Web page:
Docker Vs. Kubernetes: Rackspace CTO Weighs In
By Lorna Garey, Editor in Chief
At last week’s OpenStack Summit, SDxE caught up with John Engates, Rackspace’s CTO, and Bryan Thompson, general manager for the Rackspace OpenStack Private Cloud, to get their take on the state of enterprise adoption of Docker versus Kubernetes and what they expect in open storage options as OpenStack and containerization take off.
Judging just by the number of mentions at the Summit, Kubernetes is the cool kid on the next-gen infrastructure playground. But there’s more to it.
First, the comparison: Docker is a container platform, while Kubernetes, a Google spin-out, is a container orchestration engine. Swarm is the Docker orchestrator, but Docker containers can be managed via Kubernetes. Mike Kavis, VP and principal architect for Cloud Technology Partners, offers an in-depth explanation here, suggesting that Kubernetes pushed Docker toward more openness — a good thing for enterprise IT.
Still, the buzz award goes to Google.
“Kubernetes has just taken off,” said Engates. “The communities around them, they caught on like wildfire, and folks see it as even more open than the Docker approach.”
He says Docker veered too close to commercialization in an effort to jumpstart use of containers in the enterprise.
“Sometimes open source communities get a little bit scared — is it too commercialized too quickly, are these people going to own it and control it?” said Engates. “I think Google did a good job with Kubernetes to really keep it as an open community.”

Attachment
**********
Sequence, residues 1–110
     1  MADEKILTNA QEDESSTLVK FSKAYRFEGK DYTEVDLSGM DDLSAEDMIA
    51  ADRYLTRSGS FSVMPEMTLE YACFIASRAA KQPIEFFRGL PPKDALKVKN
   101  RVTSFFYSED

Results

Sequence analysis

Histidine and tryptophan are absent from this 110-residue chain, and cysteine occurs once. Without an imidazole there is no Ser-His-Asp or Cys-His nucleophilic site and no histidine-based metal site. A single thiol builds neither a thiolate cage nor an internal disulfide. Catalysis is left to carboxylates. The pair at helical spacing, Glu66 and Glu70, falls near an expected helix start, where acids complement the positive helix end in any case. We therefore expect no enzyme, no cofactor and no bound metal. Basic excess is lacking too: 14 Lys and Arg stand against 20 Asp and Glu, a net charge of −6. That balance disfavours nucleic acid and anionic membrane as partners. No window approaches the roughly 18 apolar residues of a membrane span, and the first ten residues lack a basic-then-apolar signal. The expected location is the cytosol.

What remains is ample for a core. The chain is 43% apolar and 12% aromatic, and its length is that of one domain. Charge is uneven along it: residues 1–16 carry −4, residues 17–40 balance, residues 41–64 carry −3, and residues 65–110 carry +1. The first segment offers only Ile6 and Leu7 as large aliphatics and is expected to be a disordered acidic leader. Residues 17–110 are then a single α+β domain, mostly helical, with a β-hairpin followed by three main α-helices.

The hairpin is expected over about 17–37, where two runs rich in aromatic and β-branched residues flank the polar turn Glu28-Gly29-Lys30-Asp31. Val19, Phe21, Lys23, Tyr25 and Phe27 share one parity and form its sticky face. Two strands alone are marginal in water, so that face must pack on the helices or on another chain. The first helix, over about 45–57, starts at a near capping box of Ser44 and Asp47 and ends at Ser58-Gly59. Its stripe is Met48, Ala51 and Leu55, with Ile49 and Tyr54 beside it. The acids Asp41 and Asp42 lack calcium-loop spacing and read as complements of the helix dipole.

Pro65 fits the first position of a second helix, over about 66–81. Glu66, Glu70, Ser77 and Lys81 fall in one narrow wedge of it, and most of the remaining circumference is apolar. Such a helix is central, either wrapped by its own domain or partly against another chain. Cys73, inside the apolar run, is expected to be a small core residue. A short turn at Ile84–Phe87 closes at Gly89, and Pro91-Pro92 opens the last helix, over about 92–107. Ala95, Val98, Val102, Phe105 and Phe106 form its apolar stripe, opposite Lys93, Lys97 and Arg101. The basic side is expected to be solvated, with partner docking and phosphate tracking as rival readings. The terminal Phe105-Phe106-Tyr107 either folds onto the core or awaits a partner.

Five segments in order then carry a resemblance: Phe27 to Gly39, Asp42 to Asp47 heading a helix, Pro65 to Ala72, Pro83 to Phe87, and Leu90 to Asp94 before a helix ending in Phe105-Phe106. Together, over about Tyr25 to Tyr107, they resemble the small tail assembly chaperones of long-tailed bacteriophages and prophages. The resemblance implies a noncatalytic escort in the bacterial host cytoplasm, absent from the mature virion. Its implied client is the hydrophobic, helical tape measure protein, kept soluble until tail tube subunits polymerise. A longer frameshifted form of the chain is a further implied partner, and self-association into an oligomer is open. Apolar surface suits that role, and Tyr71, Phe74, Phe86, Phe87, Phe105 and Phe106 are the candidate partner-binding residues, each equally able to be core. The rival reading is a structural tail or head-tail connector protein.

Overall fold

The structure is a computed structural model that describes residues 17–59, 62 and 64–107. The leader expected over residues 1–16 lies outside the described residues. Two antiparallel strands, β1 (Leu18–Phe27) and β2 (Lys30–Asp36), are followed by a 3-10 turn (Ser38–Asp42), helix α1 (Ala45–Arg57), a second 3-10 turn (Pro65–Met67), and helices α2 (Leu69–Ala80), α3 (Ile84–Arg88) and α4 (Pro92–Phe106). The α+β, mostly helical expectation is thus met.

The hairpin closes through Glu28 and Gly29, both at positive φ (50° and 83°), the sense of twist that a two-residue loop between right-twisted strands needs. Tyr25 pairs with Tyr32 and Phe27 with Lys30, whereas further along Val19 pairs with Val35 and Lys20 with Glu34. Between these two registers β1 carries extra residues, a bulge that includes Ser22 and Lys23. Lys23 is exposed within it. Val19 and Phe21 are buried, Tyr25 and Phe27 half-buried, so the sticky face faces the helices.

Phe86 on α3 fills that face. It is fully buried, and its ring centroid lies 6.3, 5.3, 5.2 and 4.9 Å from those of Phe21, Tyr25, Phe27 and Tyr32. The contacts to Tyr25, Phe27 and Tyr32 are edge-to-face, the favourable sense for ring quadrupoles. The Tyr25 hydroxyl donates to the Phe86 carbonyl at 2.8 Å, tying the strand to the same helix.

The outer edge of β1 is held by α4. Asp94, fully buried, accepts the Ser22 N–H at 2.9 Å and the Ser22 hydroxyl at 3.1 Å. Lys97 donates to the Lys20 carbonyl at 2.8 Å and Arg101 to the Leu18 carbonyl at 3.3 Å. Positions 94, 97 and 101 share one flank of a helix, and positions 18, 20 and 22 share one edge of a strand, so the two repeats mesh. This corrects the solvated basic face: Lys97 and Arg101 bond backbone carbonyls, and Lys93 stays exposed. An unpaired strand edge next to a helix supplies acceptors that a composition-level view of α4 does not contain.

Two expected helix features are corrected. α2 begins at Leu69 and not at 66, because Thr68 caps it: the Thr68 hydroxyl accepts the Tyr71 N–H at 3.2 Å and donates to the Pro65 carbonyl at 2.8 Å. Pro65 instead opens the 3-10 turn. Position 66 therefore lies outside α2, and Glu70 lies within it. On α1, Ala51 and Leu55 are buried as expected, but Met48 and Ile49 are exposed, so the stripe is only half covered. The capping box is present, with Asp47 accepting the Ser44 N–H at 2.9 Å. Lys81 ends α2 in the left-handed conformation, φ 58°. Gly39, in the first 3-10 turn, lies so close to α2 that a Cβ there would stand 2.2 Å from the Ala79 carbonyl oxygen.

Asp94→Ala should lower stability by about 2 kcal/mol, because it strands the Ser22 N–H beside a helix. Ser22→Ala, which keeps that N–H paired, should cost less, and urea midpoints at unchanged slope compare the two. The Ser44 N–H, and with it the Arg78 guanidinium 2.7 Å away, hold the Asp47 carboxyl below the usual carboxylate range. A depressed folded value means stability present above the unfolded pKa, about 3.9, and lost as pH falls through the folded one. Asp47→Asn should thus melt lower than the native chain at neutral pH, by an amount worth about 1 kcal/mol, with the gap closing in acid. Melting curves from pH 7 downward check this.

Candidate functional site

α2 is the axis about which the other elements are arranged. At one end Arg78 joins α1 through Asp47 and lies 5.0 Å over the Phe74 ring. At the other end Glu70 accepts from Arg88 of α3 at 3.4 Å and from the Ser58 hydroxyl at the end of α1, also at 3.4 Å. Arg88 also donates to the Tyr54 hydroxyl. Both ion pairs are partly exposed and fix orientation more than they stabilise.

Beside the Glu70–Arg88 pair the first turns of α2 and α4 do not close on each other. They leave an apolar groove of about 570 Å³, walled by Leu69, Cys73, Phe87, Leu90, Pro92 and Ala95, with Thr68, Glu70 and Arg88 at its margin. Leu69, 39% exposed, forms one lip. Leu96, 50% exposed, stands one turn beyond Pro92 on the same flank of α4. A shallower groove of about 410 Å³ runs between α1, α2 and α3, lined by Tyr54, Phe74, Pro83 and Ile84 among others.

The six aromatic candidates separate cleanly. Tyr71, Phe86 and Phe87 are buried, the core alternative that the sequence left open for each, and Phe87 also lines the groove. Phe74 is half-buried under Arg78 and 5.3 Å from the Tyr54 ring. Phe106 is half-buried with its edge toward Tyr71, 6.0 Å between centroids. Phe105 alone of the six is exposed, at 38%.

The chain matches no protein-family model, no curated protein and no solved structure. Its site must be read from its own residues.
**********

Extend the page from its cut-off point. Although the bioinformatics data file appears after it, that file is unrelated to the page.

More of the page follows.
As for where data will rest, software-defined storage is clearly the answer. However, there’s jockeying among Swift, Ceph and native Cinder on open, commodity hardware and more traditional arrays from the likes of Dell EMC — which just announced a major revamp of its storage catalog at its annual Dell EMC World event — and HPE, as well as hot flash startups like Kaminario and Pure Storage.
“Depending on workloads and what you're trying to do, I think we're seeing more and more customers leverage multiple different storage tiers and platforms and use availability zones,” said Thompson. “Do I need high-performance ephemeral storage, do I have low-performance stuff I need for test devs, spinning disc? It's a broad array.”
No pun intended, presumably.
Companies also have specialized workloads and sunk investments in hardware and expertise.
“When you think about private cloud in a customer premises environment, they're already used to buying large-scale storage gear, they've got a lot of expertise built up, and sometimes they just want to continue to use that resource, so plugging it into an OpenStack private cloud makes a lot of sense in that case,” adds Engates.
In terms of performance characteristics, especially for relational databases or other demanding or specialized workloads, commodity hardware and Ceph can’t yet match the price/performance of high-end enterprise storage, especially as the cost of solid state drops and quality rises.
“It's now multi-flavor,” Engates says. “Tiering just makes a lot of sense. Put the right workload on the right piece of storage kit, and that's thankfully something that OpenStack accommodates pretty easily. You've got a lot of ways to solve problems.”